What is mixed reality?


The first step in any learning process is defining the core concept in simple terms. Here is what mixed reality means at its most basic level:

Mixed reality is a spectrum of immersive experiences, connecting and blending physical and digital worlds together in augmented reality and virtual reality applications.

In visual terms, imagine mixed reality as a creative space that exists between the extremes of the physical and digital worlds. Experiences range from overlaying virtual content on objects in the physical world, like in augmented reality apps, to an entirely immersive experience where the user doesn't have any input from the real world, as in virtual reality.

Diagram of the mixed reality spectrum with the physical world on the left and the digital world on the right.

Because mixed reality covers such a broad range of possible user experiences, it comes with a set of interaction types that are entirely unique. These interaction types include but aren't limited to:

  • Environmental input, like capturing a user's position in the world by mapping surfaces and boundaries in the area.
  • Spatialized sound, which is 3D sound that has position and depth in a virtual space, just like in the real world.
  • Locations, positions, and persistence of objects in real and virtual spaces.

These features are part of a relationship between human and computer input known as human-computer interaction (HCI). Human input covers the more familiar ways of interacting with technology, such as using a keyboard, mouse, touchpad, or your own voice. As sensors and processing power have increased in computers, so has this new area of computer input from the environment. The interaction between computers and environment is called perception.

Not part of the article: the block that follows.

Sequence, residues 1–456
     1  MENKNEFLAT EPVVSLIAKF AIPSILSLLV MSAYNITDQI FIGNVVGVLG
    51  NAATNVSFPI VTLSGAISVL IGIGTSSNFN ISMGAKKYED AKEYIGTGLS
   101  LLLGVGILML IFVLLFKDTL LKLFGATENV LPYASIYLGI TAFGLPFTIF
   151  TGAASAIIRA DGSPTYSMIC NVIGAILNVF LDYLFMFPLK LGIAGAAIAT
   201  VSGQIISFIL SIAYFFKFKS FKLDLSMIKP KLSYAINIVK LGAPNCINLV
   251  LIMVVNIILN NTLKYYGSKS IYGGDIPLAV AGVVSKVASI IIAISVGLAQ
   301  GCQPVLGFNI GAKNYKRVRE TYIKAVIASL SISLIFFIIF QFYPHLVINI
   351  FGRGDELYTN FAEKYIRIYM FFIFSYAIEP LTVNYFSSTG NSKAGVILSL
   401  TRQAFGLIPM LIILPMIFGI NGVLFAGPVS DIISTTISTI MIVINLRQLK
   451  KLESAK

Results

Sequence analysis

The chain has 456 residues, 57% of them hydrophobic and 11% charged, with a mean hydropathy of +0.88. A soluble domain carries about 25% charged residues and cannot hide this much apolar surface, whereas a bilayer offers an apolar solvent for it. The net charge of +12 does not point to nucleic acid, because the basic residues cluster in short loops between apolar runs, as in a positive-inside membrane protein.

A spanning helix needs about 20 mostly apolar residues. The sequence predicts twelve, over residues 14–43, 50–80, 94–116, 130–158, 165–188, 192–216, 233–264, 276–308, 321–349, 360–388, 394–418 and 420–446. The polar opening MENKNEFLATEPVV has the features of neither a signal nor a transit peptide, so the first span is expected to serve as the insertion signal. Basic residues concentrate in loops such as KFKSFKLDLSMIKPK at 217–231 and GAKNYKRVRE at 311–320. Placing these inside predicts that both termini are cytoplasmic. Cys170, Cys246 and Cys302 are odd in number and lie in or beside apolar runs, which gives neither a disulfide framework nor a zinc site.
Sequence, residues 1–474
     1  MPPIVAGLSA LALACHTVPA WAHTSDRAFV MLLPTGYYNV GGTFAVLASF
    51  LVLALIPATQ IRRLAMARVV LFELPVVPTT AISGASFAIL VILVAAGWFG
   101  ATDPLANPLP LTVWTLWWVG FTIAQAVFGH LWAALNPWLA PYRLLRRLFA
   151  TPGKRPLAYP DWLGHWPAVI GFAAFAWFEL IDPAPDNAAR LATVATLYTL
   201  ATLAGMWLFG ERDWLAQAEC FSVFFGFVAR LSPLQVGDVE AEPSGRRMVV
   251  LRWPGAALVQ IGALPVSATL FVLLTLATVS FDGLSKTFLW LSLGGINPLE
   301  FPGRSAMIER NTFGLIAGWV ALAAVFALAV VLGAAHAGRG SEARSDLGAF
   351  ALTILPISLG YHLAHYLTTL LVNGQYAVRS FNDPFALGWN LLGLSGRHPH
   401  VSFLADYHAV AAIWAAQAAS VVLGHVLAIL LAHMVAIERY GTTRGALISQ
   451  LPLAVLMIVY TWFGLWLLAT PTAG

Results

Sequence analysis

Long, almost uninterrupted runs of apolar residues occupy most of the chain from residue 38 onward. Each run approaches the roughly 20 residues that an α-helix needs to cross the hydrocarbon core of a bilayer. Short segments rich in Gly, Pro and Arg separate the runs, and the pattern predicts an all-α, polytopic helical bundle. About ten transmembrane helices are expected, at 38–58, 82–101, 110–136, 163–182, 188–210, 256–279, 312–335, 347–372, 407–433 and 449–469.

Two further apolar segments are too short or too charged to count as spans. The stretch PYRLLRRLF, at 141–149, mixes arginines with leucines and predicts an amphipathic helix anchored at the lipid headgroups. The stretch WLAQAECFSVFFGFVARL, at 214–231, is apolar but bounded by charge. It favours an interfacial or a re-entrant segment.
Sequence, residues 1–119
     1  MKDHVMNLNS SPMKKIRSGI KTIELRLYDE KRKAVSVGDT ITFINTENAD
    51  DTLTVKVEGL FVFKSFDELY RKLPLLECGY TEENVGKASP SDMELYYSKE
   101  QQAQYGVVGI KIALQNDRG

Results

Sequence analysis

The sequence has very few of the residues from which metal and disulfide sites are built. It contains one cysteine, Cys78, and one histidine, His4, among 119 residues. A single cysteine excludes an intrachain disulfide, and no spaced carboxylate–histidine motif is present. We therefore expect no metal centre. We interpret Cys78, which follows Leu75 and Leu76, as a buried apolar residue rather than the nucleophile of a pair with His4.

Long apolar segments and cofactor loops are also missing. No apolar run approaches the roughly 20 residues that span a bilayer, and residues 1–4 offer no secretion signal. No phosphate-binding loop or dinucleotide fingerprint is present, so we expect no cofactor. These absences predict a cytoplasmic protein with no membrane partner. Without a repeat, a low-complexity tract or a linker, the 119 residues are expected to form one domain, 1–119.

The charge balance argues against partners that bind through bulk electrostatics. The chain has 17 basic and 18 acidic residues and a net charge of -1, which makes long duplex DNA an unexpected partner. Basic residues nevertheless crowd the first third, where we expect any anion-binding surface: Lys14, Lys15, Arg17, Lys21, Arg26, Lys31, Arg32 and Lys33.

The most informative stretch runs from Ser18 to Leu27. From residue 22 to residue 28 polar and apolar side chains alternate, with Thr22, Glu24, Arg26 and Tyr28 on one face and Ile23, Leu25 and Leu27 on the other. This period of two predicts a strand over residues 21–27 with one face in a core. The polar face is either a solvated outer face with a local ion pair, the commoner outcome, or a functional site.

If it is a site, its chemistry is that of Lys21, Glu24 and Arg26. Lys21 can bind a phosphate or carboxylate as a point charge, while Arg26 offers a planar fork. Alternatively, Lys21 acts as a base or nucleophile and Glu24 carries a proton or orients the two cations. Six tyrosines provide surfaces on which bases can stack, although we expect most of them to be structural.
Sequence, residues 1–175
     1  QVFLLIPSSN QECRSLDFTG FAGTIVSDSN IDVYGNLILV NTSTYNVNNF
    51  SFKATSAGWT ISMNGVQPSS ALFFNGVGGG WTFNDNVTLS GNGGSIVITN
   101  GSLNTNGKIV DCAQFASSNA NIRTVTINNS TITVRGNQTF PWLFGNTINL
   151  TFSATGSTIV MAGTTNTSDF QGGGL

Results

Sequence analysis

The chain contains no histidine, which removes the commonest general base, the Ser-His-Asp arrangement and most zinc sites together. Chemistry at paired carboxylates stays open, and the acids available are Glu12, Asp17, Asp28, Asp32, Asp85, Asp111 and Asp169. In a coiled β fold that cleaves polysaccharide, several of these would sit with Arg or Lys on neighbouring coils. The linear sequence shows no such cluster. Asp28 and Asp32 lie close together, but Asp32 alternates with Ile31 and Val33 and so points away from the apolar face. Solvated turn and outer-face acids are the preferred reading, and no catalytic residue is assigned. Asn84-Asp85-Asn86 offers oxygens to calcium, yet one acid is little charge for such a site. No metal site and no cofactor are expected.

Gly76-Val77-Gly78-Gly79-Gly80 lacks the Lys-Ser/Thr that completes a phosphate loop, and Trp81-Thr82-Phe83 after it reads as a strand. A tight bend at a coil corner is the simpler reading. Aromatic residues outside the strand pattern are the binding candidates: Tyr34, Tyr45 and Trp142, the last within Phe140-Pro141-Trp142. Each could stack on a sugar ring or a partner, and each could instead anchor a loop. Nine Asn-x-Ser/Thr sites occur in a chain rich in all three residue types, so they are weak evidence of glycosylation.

The intersection of computer processing, human input, and environmental understanding is where the power, creativity, and emerging capabilities of mixed reality come to life. Movement through the physical world can translate to movement in the digital world. Boundaries in the physical world can influence application experiences, such as game play, in the digital world. Without environmental input, experiences can't blend between physical and digital realities.

Venn diagram with circles for human, computer, and environment interaction with mixed reality at the intersection.

As a historical footnote, the term mixed reality comes from a 1994 paper titled A Taxonomy of Mixed Reality Visual Displays, written by Paul Milgram and Fumio Kishino. That paper doesn't describe the version of mixed reality that people have today. The authors explore the concept of a virtuality continuum and the categorization of taxonomy applied to displays. You can find a link to the paper at the end of the module.